Huell Howser, the enthusiastic presenter of tv shows about his adopted state, could get excited about almost anything it seemed.
That was especially true when the Tennessee native visited the Golden Gate Bridge for an episode of "California's Gold." Howser marveled at the view from near the top of one of the towers and exclaimed, "Ahaha! Look at that. Look at that. Haha! That is unbelievable!"
But Howser, who died Monday at age 67 in Palm Springs, can be remembered for more than his warmth and folksy charm. He treasured California and its history, and that made him a preservationist and conservationist to many observers.
OC Weekly editor Gustavo Arellano, who first broke the news of Howser's passing, said Howser was "the greatest Californian since Hiram Johnson." The former California governor, from 1911 to 1917, was considered a leading American progressive, according to historians.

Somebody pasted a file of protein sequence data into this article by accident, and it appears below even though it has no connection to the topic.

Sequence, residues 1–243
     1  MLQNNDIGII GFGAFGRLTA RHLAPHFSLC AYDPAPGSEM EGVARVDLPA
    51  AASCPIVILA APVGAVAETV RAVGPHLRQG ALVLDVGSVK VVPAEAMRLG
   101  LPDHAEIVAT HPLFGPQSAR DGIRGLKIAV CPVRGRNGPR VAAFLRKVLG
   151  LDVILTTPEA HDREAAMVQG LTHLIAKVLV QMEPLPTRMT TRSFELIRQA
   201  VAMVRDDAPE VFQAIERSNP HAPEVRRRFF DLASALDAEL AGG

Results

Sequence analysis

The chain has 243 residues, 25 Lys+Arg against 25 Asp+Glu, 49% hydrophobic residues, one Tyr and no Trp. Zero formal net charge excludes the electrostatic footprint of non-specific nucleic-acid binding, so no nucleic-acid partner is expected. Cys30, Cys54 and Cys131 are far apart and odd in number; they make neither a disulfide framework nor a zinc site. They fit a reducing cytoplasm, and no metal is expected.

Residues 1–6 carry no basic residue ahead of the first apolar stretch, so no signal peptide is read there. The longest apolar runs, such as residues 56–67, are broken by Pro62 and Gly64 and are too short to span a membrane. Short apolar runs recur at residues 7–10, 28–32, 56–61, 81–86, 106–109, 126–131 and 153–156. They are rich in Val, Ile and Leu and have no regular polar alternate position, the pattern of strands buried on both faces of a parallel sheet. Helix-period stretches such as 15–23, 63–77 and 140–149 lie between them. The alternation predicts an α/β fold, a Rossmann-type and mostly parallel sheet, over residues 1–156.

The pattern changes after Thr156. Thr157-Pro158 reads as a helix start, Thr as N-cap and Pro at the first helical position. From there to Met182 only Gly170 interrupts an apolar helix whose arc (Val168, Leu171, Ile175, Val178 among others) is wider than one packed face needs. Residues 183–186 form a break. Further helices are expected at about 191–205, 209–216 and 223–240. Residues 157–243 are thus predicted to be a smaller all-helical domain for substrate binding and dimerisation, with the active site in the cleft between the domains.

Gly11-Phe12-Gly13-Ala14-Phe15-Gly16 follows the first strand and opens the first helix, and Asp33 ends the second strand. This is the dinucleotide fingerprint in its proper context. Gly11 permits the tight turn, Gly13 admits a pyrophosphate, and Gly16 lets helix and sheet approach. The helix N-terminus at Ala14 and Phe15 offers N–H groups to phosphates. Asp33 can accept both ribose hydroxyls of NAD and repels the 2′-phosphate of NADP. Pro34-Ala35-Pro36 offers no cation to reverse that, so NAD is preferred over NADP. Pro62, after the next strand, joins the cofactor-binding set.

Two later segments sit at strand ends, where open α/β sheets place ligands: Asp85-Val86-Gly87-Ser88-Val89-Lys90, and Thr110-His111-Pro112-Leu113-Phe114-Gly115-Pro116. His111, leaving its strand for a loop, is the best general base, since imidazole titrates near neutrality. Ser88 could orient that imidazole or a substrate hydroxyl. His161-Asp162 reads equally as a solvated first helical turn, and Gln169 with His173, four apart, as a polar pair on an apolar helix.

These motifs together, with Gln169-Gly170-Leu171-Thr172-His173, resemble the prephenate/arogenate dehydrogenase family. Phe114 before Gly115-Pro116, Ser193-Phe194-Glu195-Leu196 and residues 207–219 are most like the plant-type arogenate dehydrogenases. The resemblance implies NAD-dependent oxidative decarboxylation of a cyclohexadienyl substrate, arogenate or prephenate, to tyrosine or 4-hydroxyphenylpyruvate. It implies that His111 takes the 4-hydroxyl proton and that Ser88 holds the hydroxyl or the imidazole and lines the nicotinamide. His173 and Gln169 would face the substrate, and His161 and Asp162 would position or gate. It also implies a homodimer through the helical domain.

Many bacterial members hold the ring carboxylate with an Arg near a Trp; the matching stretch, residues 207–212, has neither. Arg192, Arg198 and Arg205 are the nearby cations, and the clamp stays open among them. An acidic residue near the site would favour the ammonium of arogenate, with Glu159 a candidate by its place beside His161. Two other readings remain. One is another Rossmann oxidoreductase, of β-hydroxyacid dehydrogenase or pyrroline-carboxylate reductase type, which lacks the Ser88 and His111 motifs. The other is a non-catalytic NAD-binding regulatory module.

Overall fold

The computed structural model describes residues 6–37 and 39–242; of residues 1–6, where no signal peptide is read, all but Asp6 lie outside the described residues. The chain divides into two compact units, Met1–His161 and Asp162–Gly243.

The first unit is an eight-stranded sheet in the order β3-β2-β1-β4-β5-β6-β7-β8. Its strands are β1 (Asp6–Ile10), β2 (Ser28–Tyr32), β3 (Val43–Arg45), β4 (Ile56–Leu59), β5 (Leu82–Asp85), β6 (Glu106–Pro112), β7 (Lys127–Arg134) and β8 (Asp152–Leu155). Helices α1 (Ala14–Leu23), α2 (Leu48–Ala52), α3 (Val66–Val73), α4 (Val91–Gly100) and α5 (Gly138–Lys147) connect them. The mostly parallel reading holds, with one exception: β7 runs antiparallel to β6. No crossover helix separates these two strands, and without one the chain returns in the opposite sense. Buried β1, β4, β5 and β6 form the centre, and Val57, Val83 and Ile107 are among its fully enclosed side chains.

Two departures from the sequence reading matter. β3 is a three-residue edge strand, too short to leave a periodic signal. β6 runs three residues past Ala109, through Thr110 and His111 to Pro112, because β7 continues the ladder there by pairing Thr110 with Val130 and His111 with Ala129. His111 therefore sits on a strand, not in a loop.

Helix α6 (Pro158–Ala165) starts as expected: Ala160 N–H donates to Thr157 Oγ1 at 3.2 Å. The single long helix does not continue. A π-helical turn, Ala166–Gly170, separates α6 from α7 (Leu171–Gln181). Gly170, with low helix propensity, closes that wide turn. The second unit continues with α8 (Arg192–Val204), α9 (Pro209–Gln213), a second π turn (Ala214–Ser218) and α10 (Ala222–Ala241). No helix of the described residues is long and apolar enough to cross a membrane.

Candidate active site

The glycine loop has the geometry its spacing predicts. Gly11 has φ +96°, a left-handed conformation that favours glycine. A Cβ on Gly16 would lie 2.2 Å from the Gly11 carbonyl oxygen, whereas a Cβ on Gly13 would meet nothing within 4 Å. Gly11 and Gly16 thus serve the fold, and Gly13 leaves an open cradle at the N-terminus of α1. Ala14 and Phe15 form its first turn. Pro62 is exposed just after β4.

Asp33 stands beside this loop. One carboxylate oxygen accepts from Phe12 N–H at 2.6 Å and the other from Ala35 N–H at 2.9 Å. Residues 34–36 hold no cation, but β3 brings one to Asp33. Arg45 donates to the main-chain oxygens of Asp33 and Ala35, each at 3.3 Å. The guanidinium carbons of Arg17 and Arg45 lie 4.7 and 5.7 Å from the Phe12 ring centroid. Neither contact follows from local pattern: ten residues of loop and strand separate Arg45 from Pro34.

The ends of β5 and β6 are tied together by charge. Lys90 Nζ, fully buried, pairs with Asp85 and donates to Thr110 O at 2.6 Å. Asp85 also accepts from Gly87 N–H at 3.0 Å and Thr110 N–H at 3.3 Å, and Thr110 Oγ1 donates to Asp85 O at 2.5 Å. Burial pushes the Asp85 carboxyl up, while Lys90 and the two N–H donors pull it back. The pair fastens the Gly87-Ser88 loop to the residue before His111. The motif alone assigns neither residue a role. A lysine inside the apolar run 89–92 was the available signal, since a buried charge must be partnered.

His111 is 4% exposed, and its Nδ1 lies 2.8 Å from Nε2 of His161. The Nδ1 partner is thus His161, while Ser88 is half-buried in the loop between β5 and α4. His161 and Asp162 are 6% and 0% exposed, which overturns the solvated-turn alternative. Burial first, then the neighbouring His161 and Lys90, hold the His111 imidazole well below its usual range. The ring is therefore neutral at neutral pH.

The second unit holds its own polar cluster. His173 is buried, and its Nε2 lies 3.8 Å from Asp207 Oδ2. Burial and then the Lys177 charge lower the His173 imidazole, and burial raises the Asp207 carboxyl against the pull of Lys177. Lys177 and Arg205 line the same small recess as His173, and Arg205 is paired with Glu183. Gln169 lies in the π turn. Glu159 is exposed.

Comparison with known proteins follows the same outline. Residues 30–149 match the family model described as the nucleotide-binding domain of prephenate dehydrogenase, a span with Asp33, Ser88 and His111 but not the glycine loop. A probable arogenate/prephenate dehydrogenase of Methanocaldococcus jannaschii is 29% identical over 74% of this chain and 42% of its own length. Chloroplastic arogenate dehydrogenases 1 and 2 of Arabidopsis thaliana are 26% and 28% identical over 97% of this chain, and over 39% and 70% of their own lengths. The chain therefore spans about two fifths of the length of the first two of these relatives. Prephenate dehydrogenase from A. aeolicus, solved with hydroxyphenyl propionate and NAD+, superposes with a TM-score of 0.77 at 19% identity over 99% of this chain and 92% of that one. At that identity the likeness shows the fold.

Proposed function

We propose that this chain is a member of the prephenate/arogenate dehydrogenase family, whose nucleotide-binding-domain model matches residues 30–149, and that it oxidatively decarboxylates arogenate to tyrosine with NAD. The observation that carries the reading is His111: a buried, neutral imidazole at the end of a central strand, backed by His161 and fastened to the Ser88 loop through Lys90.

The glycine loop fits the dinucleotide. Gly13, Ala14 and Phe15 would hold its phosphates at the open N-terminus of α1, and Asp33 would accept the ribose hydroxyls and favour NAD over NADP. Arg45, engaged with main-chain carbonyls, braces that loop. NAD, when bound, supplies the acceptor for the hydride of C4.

Arellano said in a phone interview Tuesday he drew the comparison because Howser on one level, like Johnson, was "fighting the entrenched powers that be."
"Huell's gift was letting people know what a beautiful and unique place we live in, from the smallest of businesses to the biggest of stories," Arellano said. "For Huell everything in California was golden.
"Every place you could visit, whether it's the Golden Gate Bridge or the Hollywood sign, or some unheard-of place in town or out in the desert, they were all equal to him, and they were all valuable, and he showed the smaller places were of equal value."
Arellano said he first met Howser four years ago, and they kept in touch as acquaintances, but he'd been watching Howser's shows for about 20 years.
"He was the ultimate champion of California," Arellano said. "There was no greater advocate of the state's hope and promise. He made his living and he had a nice life. But that is not why he did what he did, to make money. For him it was 'This is California. Let's celebrate this.'"
For more of Arellano's perspective on Howser, read his remembrance here.